BookBrowse Reviews Midwinter Break by Bernard MacLaverty

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Midwinter Break

by Bernard MacLaverty

Midwinter Break by Bernard MacLaverty X
Midwinter Break by Bernard MacLaverty
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  • Published:
    Aug 2017, 208 pages

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Book Reviewed by:
Rebecca Foster

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In MacLaverty's quietly beautiful fifth novel, a retired couple faces up to past trauma and present incompatibility during a short vacation in Amsterdam.

Northern Ireland's Bernard MacLaverty is the author of five novels and multiple short story collections. The main characters of his new book, Midwinter Break, are Stella and Gerry Gilmore, an Irish couple who live in Scotland and are in perhaps their late sixties or early seventies. Stella, a former English teacher, has thrifty, precise habits and solves crossword puzzles to keep her mind sharp. In the years since he retired as an architect, Gerry, once thoughtful and enthusiastic, has started drinking to excess; it's now rare for him to be without a bottle of whiskey to hand.

This short novel opens on the night before Stella and Gerry set off for the Netherlands on a brief vacation, and ends in the airport on their way back home. The limited time span and settings – the couple's home in Glasgow plus various locations in Amsterdam, mostly interiors – are qualities that would lend themselves well to a film or theater adaptation. The characters visit a number of the city's most famous tourist destinations, including the art treasures of the Rijksmuseum, and grab a drink in the dubious red light district. Those who have never visited Amsterdam will enjoy the virtual tour as much as those who are familiar with the city.

Unfortunately, the author's determination to follow these characters through all the wearisome tasks of travel, including airport check-in, getting on a train, finding their hotel, etc., along with the everyday indignities of older age, means the narrative turns mundane at times. Their days quickly take on a repetitive quality: Gerry drinks while Stella naps; they go out to a tourist attraction and then recuperate with coffee; they later go out to dinner; and so on. Undoubtedly this building up of routine is meant to reflect the often predictable nature of a long marriage, but it can seem tedious. Some sequences also overstay their welcome, like Stella's overwrought meditations in the Anne Frank House and Gerry's mental litany of all the things Stella knows.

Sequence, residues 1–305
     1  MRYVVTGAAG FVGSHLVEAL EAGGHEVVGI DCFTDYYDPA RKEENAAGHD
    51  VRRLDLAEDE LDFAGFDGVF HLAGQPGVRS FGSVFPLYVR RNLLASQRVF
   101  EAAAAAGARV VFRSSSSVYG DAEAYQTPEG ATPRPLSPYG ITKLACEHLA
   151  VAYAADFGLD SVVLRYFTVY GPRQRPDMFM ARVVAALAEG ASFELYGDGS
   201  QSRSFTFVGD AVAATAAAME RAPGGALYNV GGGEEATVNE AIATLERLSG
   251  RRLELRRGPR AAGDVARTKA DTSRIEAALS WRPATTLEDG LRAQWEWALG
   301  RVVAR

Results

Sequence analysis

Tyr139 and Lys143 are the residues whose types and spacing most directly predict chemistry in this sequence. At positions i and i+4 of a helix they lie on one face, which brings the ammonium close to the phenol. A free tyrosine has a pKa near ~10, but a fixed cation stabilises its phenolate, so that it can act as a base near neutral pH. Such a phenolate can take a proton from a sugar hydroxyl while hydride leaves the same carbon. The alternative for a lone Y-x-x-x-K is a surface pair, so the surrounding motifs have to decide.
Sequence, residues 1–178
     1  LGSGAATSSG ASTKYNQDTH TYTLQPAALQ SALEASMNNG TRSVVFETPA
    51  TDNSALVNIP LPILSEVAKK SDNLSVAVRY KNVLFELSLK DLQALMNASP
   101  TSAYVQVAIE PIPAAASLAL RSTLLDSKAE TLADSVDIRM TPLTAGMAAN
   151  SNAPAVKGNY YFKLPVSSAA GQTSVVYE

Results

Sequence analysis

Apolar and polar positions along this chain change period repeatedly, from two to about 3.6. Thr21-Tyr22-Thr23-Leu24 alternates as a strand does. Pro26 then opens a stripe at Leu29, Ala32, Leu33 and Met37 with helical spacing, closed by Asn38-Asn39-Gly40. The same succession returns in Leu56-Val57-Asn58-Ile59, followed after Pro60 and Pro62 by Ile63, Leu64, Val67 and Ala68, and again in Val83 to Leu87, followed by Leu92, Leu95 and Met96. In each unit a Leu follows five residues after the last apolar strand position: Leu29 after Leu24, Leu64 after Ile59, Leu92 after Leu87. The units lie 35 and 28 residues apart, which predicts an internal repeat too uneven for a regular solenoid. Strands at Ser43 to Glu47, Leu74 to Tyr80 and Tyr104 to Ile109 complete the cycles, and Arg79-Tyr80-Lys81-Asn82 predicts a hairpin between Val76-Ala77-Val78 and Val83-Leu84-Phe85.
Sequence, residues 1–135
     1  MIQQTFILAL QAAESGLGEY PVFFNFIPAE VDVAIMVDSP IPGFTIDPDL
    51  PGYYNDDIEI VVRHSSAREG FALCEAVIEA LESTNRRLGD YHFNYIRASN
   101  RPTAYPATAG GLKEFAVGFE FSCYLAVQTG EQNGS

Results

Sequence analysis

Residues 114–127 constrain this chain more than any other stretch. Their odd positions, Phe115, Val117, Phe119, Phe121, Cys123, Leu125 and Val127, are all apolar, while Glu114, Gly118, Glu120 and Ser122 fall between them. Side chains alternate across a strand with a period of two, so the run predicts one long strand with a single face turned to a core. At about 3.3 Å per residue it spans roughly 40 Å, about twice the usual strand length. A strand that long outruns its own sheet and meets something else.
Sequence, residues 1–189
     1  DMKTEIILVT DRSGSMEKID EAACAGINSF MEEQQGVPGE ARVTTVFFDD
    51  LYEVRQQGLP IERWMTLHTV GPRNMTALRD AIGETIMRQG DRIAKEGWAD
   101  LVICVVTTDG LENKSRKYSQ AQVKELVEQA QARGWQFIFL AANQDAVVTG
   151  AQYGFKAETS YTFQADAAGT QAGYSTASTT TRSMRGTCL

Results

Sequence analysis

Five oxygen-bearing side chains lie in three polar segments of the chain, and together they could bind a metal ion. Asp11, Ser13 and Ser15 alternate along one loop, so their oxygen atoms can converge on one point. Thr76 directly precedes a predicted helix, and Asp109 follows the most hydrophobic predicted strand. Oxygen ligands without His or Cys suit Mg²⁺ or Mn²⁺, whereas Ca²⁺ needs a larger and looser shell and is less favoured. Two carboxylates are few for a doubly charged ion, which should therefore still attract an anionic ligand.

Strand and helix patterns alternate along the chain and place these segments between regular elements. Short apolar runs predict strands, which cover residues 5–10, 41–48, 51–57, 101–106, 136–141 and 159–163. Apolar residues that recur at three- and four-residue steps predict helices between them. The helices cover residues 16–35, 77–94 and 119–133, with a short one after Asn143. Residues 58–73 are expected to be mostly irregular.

Luckily, flashbacks and glimpses into the characters' thoughts open up a new dimension so that readers should not feel they are stuck with a boring old couple on a staid holiday. Although it's told entirely in the third person, the novel moves fluidly back and forth between Stella and Gerry's perspectives, revealing how they perceive each other and hinting at a traumatic incident they experienced some four decades ago in Northern Ireland when Stella was pregnant with their son, Michael.

MacLaverty sensitively explores how Gerry's drinking is bringing his marriage to a crisis point – another possible connotation of the title's "break." "I have a sense of drift. I want to do something with the time I have left. Other than watch you drink," Stella expresses to Gerry. She feels she and Gerry are "in different places" in their lives, especially given her religious bent. While Gerry gave up on Catholicism long ago and feels "all religion should be in museums," Stella has become more devout over the years and uses her time in Amsterdam to explore how she might live a more pious life (see 'Beyond the Book').

This religious theme was intriguing for me, as were the allusions to classic Christian writings. For instance, Gerry recalls his half-hearted New Year's resolution to give up drinking: "But not yet, O Lord, not yet," he thinks, in an echo of St. Augustine's Confessions. Stella quotes Julian of Norwich's "All shall be well" refrain on several occasions, and also cites Bede's image of life as a bird flying into and out of a room – fleeting. Secular literature is also a point of reference, like a late scene in which Amsterdam is engulfed in snow that brings to mind the ending of James Joyce's "The Dead."

I imagine the religious content could be a turnoff for readers who are unfamiliar with Christianity and/or have a different frame of reference. Gerry also sometimes struck me as a clichéd picture of the jolly drunk. However, my overall response was one of admiration for what this couple has survived and sympathy for their current situation – with hope that they'll make it through this, too.

Reviewed by Rebecca Foster

This review is from the September 6, 2017 issue of BookBrowse Recommends. Click here to go to this issue.

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